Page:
Weird thing, the olfactory nerve.
This smell-sensing bundle of neurons that starts in the nose connects directly with parts of the brain strongly connected with emotion and memory. That’s why Hallmark and other stores make a killing this time of year selling candles scented with cinnamon-y chemicals that evoke warm fuzzy feelings of fall and family. We’re smelling augmented paraffin but thinking about a pumpkin pie in the oven, somewhere from our rose-colored past.
Because smell is actually responsible for a high percentage of our perception of “flavor,” it’s an important attribute to think about in the world of food marketing. Food and cocktail chefs have begun using spritzed essences to enhance the consumption experiences of their products, and, reportedly, outlets ranging from mall food courts to Disneyland have for years been pumping their surrounding air full of delectable scents to help lure us to their foodstuffs .
Here on the cusp of the Thanksgiving holiday, I was thinking about a personal scent connection of unexpected importance. Last month I wrote a post about my early inspirations in the food world: TV chefs, cookbook authors and intriguing French culinary terms. But what I skipped over was an even earlier influencer who made a truly indelible impression: my grandma.
Her kitchen was a fantastic place for a 6-year-old to explore. Her apron smelled like Palmolive, cans of Folgers on the pantry shelf smelled dark and exotic to my young nose, and the air at 5:30 p.m. was tinged with the smoky aroma of fried sausages. Many times when I spent an afternoon with Grandma, we would bake a batch of sugar cookies together. Hers were of the thin and crispy variety, and they partially took their form due to a strong whack from a meat tenderizing mallet after each blob of dough was spooned onto the baking sheet, leaving a signature criss-cross pattern. Then as they baked, the vanilla and lemon extracts in the dough vaporized and excited my young head. After the cookies cooled, I took a plate home. To this day, everyone in my family who has tried to replicate Grandma’s thin, crispy sugar cookies has been confounded. They just don’t turn out the same. There was a je ne sais quoi about those cookies that died with her .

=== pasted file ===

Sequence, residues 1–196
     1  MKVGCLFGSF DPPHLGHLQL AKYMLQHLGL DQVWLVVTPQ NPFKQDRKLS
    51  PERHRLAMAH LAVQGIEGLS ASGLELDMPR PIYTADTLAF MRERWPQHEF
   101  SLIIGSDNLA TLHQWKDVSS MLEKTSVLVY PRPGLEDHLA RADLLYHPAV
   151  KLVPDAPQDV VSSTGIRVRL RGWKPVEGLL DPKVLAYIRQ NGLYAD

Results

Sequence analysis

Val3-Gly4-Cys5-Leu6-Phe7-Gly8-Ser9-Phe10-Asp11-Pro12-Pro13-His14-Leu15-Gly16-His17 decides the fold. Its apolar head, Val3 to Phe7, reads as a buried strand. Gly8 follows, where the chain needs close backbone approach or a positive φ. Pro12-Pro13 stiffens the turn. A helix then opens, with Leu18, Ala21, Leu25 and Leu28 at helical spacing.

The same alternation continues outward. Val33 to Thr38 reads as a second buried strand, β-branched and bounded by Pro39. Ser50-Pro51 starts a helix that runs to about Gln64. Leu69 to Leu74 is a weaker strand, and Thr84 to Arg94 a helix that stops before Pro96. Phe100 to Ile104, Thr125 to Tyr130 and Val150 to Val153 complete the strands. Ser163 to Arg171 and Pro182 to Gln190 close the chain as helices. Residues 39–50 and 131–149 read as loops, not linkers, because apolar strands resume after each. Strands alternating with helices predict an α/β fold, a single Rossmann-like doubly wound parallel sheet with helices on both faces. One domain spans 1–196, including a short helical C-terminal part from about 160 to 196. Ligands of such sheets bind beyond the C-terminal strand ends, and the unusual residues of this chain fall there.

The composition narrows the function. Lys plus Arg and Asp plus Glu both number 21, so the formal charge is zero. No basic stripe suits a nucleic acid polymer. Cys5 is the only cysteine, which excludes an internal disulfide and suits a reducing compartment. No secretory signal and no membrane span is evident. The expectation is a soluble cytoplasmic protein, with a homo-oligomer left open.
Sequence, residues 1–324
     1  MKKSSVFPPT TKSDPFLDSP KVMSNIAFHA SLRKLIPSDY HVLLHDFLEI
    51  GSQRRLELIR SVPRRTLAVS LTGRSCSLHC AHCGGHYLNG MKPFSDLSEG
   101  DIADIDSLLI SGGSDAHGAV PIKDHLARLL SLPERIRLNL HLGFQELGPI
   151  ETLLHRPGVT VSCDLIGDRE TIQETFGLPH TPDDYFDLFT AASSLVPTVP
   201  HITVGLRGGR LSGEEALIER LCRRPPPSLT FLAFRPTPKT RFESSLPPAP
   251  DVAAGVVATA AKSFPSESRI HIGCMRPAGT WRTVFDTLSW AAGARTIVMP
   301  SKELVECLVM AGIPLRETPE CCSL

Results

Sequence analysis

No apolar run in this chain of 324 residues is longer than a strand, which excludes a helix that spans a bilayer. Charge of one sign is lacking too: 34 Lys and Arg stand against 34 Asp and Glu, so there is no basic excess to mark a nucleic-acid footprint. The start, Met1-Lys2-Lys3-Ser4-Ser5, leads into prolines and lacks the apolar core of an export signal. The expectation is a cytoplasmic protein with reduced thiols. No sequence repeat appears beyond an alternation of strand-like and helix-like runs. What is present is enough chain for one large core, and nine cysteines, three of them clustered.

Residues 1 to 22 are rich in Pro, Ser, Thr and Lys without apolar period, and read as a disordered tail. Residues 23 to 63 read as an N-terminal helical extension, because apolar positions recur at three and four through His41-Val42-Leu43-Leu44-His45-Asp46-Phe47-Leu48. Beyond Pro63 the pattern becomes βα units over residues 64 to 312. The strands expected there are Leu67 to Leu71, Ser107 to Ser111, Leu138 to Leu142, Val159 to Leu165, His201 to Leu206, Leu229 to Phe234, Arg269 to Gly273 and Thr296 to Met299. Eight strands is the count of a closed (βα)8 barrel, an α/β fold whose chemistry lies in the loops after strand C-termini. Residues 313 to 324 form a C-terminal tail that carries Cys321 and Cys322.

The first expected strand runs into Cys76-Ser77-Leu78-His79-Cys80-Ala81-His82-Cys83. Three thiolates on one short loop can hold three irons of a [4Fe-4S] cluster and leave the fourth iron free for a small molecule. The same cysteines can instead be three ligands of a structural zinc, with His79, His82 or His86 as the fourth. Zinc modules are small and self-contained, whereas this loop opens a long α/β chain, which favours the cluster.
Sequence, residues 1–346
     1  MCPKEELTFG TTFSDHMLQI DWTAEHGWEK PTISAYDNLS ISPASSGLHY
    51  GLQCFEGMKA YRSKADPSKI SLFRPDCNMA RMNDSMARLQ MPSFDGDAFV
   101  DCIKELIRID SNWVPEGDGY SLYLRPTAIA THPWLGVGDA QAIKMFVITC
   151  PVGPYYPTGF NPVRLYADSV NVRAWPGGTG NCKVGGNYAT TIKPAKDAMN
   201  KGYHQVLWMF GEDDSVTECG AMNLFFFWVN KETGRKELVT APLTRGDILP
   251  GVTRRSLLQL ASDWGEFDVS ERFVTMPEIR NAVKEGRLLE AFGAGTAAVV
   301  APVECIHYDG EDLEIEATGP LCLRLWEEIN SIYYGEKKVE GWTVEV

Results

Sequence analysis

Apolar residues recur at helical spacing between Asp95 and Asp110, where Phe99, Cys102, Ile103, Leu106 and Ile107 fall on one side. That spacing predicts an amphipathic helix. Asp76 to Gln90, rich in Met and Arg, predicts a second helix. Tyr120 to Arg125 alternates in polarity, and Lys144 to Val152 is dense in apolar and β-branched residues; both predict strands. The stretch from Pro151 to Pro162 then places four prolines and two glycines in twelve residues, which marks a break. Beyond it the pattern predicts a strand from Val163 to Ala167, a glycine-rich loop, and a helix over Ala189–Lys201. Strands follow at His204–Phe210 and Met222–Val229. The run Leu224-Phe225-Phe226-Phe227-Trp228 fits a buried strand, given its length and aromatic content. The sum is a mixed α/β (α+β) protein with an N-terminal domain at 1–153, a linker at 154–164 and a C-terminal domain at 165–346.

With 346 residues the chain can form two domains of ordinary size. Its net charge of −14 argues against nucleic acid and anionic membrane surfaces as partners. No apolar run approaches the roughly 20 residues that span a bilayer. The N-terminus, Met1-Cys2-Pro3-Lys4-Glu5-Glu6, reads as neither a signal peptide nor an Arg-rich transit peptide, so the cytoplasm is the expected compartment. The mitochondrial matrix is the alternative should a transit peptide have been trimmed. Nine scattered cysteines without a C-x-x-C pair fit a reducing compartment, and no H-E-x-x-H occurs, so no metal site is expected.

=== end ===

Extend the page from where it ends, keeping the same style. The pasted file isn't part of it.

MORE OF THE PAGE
Similarly, her Sunday baked chicken was a mystery. What on earth she possibly did to make it that tender and melt-in-your-mouth, we still don’t know.
Those unsolved mysteries, those exciting “first times” – they fueled my food curiosities first, even before the beloved “Great Chefs of New Orleans” episodes on PBS in the early ’80s. Decades later, I’m still delighting in making food connections, exploring flavors, forging new memories. That’s what we as food marketers are ultimately selling as much as proteins and carbohydrates: emotional links to family, friends, good times, our younger selves. More so than hyping the latest consumer electronic product, this type of marketing work feels…and SMELLS… like home.
What are you nostalgic about smelling this Thanksgiving season?
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